The Hidden Cost of Doing Nothing: Understand the Full Impact on Your DC
Companies carefully evaluate the often substantial costs associated with modernizing or optimizing an existing distribution center or building a new one. Yet they seldom scrutinize the real cost of the alternative – doing nothing.
26 September 2016
Choosing to maintain the status quo is always an alternative to significant capital investment; however, the real expenses and the opportunity costs of doing nothing often are overlooked. Such costs need to be included in the business case for all proposed improvements to your distribution operation. The reason? The cost of inaction can easily exceed the price of a modernization project.
Followoing are three scenarios you should consider as you think about the right approach for your business.
Do Nothing, but End Up Spending More
This is the true, do-nothing scenario. No additional warehouse automation or software is purchased to update the distribution center. Business leaders tell their warehouse managers to make do with what they have, believing they are avoiding new expenses and capital investments.
While avoiding or delaying investment in operational improvements may seem like a prudent course of action, or more properly inaction, it may quickly result in increased costs to the business. Even for companies that are static or slow growers, they still must meet customers' demands and match or outperform competitors. Doing so introduces the possibility of these incremental operational costs:
- Pick faces are condensed to make room for new SKUs; coupled with increased demand for existing SKUs, replenishment activity and labor increase.
- Picking is more frequently interrupted due to insufficient stock in the pick face.
- Reserve inventory no longer fits in the pallet racks, so it is stored on docks, in aisles, in trailers and in outside storage; accessing the inventory becomes more challenging and labor intensive.
- There are insufficient pack stations and the packing function becomes a major constraint.
When doing nothing, other unanticipated costs can arise from lost revenue from missed delivery dates or inaccurate or damaged orders. In more extreme cases, the distribution center fails to meet customer service level agreements or expectations, and customers are lost forever.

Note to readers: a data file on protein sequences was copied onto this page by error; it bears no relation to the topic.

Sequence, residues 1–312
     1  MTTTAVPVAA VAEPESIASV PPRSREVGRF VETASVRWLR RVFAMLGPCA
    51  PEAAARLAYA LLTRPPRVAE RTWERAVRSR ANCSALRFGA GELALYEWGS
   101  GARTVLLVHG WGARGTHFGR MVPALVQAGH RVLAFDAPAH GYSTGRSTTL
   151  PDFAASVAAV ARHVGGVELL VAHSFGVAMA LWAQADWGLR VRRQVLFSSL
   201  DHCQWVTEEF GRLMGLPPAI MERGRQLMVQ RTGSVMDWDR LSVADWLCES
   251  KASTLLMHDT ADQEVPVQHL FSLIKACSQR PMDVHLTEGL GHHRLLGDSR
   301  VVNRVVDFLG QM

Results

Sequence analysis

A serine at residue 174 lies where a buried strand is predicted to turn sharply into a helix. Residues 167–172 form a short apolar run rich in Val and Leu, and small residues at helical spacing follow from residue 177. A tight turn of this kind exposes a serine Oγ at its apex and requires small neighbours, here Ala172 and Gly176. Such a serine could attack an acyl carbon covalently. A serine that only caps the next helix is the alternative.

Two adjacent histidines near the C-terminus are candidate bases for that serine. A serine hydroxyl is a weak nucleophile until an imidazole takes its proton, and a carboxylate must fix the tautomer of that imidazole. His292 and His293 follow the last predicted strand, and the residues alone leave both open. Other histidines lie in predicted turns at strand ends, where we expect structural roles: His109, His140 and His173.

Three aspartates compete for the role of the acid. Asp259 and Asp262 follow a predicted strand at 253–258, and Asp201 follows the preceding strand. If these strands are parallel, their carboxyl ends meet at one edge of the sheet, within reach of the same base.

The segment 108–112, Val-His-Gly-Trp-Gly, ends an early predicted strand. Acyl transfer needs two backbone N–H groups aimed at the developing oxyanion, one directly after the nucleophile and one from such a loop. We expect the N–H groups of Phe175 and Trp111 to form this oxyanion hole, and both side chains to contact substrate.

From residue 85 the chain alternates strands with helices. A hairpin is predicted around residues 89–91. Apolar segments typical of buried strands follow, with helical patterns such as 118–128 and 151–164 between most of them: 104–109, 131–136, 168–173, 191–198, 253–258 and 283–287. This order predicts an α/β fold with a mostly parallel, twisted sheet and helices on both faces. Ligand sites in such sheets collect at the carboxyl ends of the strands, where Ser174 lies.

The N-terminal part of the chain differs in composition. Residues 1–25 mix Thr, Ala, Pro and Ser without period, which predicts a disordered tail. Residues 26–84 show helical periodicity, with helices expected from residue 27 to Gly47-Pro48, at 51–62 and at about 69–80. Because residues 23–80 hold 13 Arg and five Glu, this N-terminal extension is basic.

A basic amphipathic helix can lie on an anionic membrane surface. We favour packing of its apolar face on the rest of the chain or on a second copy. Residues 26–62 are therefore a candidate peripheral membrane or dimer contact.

Don't Invest in Automation, but Hire More Workers
Incremental operational costs are typically viewed as less expensive than capital investments. Unfortunately, businesses that choose to not invest in warehouse modernization, but purchase more of the same non-automated equipment, end up adding labor in an attempt to handle growth, proliferation of SKUs and new multichannel requirements. The cost of incrementally purchasing additional equipment, just to try to maintain current productivity levels, is often ignored. As a result, this tactic could lead to the following scenarios:
- Pick faces and an expanded pick zone are needed as SKUs increase.
- Racks must be purchased to store increasing inventory.
- Pack stations are required.
The problem with this approach is that if your business doesn't invest to update and expand distribution center capabilities, overall productivity usually decreases. Every time new SKUs are added, new pick locations are needed; and the size of the overall pick zone expands, which means employees must travel farther to retrieve items. More people are needed to make up for the additional pick time required as SKUs increase.
Adding labor costs into an existing warehouse rarely is the best solution. More pickers increase congestion and delays as workers and forklifts wait for each other. Pick times are slowed as a result.
Add Automation and Save Long Term
Businesses in growing industries frequently choose to meet demands for more SKUs and multi-channel fulfillment by improving their distribution process through automation. That's a significant new level of investment in material handling equipment and warehouse software.
When is the investment in automation justified? When businesses scale a warehouse to a certain point, they face new challenges:
- They miss orders, or quality degrades to the point that the whole process of getting orders right and shipped on time becomes increasingly challenging.
- Businesses try to pick more items in a smaller footprint.
- They add more workers, leading to congestion in the pick zone or other areas that slows workflow.
- Businesses must adjust to changing customer requirements, and the cost of doing nothing risks existing business or escalates penalties for noncompliance.
What's the benefit of doing nothing instead of investing to expand distribution capabilities? A company can save on capital costs today, of course, but it's critical to understand what doing nothing is likely to eventually cost your company in other expenses plus missed business opportunities.
Many companies are willing to increase operational costs to avoid capital investments - often out of an erroneous belief that companies that invest in material handling equipment and software gain little increase in productivity and suffer significant disruptions to operations.
Nevertheless, constraints on capital are real, especially at growing companies because they're buying inventory at increasing rates. They have to choose between investing in the infrastructure for manufacturing and/or the infrastructure for marketing and sales before they would ever invest in the infrastructure for distribution. Investment in distribution modernization also competes for funding with building construction and rental and operational expenses.
Given all of these challenges, decisions about capital investment for distribution are fully informed only when the cost of doing nothing in the warehouse is weighed against the cost to automate and modernize. Doing nothing brings with it significant hidden costs. You want to make sure you identify them and include them in every business case.